Deciding to run a marathon is an amazing, inspiring thing to do, but it is also entirely normal to feel intimidated by the prospect and also feel overwhelmed by the training that you will need to undertake to succeed.
If you are a newcomer to marathons, which is likely given that race participation is growing, this brief introduction to scheduling your training ahead of the big event itself should help the whole process feel more manageable.
First and foremost you need to be prepared to plot out your training over the weeks in the lead-up to the marathon and give yourself plenty of time to prepare your mind and body. Even if you have got a good half marathon time under your belt, it is important not to get complacent when moving up to a much longer race.
It is best to give yourself 16 weeks to train as a beginner, running at least 4 times each week to gradually amp up your abilities, rather than going all-out from day one and potentially doing more harm than good.
Including rest days
Another temptation you might have is to run at every opportunity, but this is also a common mistake made by beginners. Instead you need to make sure that you factor in rest days throughout each week of your training schedule.
For example, it makes sense to plan to run on Mondays, rest on Tuesdays, run on Wednesdays, have Thursday and Friday as rest days, then make Saturday and Sunday back-to-back running days leading into Monday.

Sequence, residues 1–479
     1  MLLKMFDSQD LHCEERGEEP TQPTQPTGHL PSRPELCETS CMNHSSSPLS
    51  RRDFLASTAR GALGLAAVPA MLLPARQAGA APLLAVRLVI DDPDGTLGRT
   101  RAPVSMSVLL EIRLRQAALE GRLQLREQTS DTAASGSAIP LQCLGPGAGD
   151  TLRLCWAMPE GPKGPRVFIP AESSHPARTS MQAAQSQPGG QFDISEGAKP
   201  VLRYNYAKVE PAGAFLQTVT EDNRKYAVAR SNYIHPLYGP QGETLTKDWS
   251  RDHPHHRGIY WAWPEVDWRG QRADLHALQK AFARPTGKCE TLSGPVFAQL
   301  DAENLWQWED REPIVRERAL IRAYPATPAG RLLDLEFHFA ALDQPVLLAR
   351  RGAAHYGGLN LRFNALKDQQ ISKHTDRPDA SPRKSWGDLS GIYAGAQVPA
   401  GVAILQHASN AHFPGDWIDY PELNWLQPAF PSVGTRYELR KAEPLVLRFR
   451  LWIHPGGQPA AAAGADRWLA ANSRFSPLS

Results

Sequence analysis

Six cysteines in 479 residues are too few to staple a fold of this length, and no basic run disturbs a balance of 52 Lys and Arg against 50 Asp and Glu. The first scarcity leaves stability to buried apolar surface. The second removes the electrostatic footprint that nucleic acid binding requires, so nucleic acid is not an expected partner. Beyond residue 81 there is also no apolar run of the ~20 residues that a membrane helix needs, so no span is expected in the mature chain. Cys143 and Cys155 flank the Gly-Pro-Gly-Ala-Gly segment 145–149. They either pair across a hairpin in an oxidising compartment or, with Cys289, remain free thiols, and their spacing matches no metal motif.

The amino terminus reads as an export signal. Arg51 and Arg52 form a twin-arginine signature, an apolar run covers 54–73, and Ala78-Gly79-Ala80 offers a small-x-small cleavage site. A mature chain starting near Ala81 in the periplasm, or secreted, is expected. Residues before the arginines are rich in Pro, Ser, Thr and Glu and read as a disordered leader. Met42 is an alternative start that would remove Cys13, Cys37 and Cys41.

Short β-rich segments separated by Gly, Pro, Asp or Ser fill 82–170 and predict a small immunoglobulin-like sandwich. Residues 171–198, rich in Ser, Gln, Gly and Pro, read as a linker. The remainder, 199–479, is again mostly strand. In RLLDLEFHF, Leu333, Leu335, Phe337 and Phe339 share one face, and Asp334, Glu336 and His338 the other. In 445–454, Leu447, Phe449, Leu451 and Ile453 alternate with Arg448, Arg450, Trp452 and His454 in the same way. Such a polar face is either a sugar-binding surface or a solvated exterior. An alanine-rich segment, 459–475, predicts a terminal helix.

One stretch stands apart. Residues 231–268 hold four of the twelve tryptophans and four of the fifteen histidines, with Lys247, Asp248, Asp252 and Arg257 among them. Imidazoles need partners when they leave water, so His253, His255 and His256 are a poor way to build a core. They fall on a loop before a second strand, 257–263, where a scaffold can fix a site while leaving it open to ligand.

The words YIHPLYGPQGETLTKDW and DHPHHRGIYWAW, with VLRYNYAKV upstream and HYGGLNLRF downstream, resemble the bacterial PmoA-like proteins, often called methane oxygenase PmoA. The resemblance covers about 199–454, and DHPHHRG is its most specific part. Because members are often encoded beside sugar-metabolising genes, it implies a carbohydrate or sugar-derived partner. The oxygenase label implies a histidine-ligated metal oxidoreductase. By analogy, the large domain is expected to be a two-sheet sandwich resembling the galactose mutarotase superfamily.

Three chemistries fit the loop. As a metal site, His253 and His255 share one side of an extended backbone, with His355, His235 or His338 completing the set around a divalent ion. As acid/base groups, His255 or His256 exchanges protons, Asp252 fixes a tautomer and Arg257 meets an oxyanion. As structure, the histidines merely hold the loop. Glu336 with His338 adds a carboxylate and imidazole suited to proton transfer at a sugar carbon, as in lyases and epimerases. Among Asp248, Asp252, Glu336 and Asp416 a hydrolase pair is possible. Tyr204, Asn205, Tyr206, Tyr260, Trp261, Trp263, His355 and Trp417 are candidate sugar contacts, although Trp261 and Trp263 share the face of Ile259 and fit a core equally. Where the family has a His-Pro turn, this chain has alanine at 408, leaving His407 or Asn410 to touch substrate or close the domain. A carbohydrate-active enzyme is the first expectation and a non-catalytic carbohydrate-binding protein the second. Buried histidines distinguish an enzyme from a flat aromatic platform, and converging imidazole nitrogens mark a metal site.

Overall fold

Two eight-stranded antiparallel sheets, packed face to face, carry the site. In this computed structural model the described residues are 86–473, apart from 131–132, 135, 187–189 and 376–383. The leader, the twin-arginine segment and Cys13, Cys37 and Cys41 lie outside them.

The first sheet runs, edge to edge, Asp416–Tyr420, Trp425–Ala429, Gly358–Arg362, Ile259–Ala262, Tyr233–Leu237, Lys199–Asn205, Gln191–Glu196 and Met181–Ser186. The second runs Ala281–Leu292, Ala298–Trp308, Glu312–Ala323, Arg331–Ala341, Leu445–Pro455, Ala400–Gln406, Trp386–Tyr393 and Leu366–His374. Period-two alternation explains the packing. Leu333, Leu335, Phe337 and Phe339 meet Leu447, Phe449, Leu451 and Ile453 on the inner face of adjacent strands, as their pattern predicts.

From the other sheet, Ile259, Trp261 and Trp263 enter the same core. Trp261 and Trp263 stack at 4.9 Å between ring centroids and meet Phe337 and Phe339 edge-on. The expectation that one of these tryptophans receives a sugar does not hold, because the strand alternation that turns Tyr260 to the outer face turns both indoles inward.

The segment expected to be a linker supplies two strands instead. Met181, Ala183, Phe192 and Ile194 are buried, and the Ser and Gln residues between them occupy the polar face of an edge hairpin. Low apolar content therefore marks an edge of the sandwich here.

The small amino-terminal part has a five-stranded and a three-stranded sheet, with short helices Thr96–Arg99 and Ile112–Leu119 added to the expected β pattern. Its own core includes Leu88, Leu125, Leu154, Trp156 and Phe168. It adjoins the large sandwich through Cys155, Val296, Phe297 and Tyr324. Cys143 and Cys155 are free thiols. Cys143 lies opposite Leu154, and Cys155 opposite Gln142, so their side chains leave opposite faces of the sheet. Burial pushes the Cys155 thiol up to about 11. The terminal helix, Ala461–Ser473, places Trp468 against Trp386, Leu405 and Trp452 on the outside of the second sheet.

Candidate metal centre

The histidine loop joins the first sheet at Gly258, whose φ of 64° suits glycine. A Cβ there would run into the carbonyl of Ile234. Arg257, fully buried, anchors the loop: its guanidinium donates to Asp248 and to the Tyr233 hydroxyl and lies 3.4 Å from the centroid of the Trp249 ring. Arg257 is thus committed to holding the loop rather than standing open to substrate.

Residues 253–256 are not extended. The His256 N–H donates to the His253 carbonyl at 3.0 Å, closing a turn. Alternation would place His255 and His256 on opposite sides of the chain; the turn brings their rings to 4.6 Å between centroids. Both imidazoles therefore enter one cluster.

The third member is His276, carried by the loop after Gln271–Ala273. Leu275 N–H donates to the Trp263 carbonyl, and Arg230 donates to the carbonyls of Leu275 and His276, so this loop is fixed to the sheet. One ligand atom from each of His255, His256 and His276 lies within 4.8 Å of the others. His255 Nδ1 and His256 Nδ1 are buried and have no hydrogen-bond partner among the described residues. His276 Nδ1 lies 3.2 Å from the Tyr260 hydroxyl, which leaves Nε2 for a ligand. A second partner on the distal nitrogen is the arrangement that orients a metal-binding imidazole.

This approach will ensure that your body gets used to more intense periods of activity, while also having recovery periods where it is not put under strain.
Obviously you can adjust your rest days according to your other life commitments, but do remember to add them in and keep them uniform.
Start slowly and build up
Scheduling your marathon training is not just about working out when you can run, but considering how far you should be running and for how long.
For the first 8 weeks, a mixture of jogging and walking on the days you set aside for training is sensible and if you are starting from scratch, using longer periods of general walking rather than all-out jogging is worthwhile.
Gradually increasing the length of each session is also important. On weekdays, when you likely have other things monopolising your time, plan to train for between 20 and 50 minutes a day. On the weekends, schedule your longer sessions.
Weekends are also the time when you can start to add in distance-based goals, rather than timed sessions. By week 8 you should start to consider running half-marathon distances on a Saturday or a Sunday (but not both) so that you are used to spending longer on your feet.
When the day of the marathon arrives, it is natural and even helpful to feel nervous, as overconfidence can be the downfall of beginners. Take your time, have fun and trust your body to get through it.